Bill Clinton Gets Honorary Doctorate from LMU; Pope Francis Invoked to Justify It

Not only did Bill Clinton deliver the commencement address, but he also received an honorary doctorate from LMU.   Fr. Allan Deck, S.J., rector of the LMU Jesuit Community defends this decision as follows, “LMU, precisely because it is a Catholic and Jesuit University, seeks to follow the inspirational leadership of Pope Francis in promoting a culture of encounter that requires an openness to meet people cordially where they are rather than negatively in a judgmental way.”

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Fr. Deck’s defense of violating the teaching of the U.S. Catholic Bishops, as noted earlier, attacks a straw man.  While it is true that a culture of encounter requires an openness to meet people cordially where they are, it does not require inviting them to give a commencement address nor does it require giving them an honorary doctorate.  Indeed, Pope Francis’s particular emphasis on the authority of local conferences of bishops does not exonerate but exacerbates LMU’s action.  If Pope Francis is right that abortion is a “crime” and an “absolute evil,” surely we must, with respect, disagree with Fr. Deck.

Encountering and dialoguing with those who facilitate serious injustices is one thing.

Celebrating and honoring them, in the highest manner institutionally possible, is quite another.

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6 thoughts on “Bill Clinton Gets Honorary Doctorate from LMU; Pope Francis Invoked to Justify It

  1. Fr. Deck unctuously glides over the basic difference between (1) honestly engaging a politician who supports both abortion on demand and same-sex “unions,” and (2) honoring and celebrating that individual as a model for collegians. While I respect Fr. Deck as a priest, I am appalled by his moral obtuseness. How painful it is to see Pope Francis pushed under LMU’s public relations bus.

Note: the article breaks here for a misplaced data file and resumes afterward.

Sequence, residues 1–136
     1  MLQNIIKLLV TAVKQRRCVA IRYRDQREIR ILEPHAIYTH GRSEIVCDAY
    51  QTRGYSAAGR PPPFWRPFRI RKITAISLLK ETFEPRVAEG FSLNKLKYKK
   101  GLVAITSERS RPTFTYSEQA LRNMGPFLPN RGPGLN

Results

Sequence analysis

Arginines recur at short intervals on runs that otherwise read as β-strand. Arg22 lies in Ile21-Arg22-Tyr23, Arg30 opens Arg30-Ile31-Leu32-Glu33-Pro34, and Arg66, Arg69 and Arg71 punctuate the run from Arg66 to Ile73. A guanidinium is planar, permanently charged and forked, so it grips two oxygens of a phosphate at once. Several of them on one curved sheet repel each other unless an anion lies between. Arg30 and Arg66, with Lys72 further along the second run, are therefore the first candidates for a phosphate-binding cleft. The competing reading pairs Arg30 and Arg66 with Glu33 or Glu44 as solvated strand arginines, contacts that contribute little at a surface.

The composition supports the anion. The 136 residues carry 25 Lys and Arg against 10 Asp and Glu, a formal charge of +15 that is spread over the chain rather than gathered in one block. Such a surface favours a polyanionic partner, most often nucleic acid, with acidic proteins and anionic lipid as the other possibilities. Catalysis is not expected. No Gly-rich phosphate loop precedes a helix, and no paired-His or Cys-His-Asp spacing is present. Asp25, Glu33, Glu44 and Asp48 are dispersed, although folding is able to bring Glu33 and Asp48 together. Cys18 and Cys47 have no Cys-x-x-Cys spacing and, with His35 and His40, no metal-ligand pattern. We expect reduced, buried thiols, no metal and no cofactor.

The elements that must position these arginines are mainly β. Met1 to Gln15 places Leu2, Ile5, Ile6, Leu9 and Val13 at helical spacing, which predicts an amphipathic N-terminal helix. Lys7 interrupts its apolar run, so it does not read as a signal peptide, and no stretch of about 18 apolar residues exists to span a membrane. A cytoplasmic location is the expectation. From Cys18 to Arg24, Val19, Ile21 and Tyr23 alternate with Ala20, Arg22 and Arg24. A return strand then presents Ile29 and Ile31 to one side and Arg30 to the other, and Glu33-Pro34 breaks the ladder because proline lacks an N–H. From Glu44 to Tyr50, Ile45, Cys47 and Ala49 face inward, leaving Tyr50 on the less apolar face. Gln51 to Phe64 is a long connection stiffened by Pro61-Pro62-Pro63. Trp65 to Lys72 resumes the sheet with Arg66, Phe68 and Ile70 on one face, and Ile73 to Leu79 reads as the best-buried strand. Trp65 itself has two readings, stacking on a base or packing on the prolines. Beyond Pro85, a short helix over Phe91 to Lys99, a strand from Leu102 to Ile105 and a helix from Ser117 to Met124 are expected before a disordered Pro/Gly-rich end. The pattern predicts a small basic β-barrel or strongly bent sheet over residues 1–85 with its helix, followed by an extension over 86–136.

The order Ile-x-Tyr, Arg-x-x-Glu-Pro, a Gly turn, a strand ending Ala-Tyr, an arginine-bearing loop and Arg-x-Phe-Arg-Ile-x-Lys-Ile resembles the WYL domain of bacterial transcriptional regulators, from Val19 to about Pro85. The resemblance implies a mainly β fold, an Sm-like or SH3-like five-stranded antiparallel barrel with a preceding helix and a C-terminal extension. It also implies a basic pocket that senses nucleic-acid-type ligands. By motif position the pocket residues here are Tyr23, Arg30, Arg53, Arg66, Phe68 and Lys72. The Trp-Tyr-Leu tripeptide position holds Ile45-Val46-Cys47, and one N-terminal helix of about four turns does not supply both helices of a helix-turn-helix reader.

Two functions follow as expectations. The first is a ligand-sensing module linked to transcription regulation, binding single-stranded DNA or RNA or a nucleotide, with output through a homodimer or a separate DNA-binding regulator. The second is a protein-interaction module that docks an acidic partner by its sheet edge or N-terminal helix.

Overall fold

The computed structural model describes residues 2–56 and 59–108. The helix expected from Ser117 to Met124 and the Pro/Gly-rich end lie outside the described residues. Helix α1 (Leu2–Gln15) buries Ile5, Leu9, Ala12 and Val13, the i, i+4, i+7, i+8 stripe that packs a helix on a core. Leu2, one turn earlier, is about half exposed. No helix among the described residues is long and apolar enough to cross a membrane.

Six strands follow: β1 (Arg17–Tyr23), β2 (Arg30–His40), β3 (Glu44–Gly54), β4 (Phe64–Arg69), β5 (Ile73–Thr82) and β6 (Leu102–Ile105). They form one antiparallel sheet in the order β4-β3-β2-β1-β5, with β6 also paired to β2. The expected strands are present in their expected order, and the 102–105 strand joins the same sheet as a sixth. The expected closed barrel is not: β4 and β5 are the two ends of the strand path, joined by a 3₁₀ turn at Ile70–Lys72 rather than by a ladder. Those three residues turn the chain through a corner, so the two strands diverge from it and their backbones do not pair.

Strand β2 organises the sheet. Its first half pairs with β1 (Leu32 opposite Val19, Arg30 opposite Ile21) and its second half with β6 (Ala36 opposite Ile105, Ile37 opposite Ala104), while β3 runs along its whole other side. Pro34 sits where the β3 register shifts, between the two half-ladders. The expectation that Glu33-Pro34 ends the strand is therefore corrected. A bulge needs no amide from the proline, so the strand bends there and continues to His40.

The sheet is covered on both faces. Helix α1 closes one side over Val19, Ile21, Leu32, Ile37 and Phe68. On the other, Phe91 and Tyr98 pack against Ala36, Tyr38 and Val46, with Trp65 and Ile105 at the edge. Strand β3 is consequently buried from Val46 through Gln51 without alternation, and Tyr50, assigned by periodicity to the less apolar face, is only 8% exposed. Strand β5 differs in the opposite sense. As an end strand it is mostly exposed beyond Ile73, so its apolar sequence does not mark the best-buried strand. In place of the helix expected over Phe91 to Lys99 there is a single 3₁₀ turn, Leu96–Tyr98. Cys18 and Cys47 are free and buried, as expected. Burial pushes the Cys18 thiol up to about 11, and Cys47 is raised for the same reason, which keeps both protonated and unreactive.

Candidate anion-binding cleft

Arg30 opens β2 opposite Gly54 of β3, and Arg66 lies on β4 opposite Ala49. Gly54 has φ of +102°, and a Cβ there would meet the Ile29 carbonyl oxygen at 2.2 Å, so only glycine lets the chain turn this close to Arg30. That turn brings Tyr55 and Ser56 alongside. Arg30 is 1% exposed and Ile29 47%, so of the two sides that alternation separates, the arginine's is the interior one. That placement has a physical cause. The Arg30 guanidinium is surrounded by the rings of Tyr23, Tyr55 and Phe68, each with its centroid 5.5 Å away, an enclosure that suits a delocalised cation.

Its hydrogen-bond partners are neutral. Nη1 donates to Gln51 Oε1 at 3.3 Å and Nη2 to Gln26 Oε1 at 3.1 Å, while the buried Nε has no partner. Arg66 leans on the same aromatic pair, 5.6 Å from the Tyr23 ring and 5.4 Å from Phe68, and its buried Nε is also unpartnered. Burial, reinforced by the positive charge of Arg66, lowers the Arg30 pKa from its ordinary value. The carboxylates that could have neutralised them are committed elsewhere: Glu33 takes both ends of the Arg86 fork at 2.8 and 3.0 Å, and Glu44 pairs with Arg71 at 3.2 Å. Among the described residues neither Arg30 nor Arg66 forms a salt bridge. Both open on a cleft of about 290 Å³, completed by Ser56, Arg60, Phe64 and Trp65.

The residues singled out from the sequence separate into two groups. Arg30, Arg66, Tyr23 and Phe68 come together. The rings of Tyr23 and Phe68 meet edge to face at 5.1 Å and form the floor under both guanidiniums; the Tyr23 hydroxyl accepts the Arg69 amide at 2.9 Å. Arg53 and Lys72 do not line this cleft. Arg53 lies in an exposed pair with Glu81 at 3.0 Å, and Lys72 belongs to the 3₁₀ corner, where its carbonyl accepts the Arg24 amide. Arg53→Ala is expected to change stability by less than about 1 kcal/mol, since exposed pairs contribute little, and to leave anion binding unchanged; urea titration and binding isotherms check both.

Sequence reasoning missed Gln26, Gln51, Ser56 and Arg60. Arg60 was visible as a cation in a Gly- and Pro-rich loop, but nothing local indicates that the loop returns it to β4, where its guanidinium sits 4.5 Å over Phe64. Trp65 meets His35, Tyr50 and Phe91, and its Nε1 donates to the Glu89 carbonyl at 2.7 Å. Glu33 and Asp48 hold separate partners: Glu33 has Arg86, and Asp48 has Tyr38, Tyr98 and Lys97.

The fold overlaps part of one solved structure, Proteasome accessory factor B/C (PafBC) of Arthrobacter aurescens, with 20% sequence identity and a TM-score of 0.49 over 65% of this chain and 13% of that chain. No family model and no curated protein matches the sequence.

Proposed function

2. Clinton is Clinton. His actions both political and personal are actions against God and people of Faith. I question that LMU is a truly Catholic University. The Church is being attacked from within the Catholic community. Fr. Deck is in grave error.

  3. I want to share a few thoughts I have had after reflecting on the controversy surrounding the decision to honor President Clinton. To begin with, we have to acknowledge that Bill Clinton delivered an exceptional commencement address on Saturday morning, both in terms of style and substance. It was thoughtful, challenging, and respectful of LMU’s foundational values.

    Of course no one ever doubted that Bill Clinton could give such a speech; and while we can be grateful for its message, I am convinced that we were still right to protest the messenger. In fact, it seems to me that the invitation to President Clinton is exactly the sort of issue that we should continue to weigh in on. Before we can expect significant long-term change, such as increasing the percentage of practicing Catholics on the faculty, we have to insist that the university not go any further in the wrong direction – which at a minimum means that LMU ought not to go out of its way to honor those who are openly and unrepentantly hostile to our moral principles.

    That being said, I think we have to be candid about the challenging path that we are calling on the LMU administration to follow. As a comprehensive university in a secular urban environment, and one which must attract qualified students and faculty in an increasingly competitive marketplace, it is probably not an option for LMU to express its Catholic identity with the depth and fullness that one can find at a small school like Thomas Aquinas College. LMU is necessarily going to have to make some concessions to the demands of popular culture, even as it (hopefully) seeks to influence that same culture in a positive way.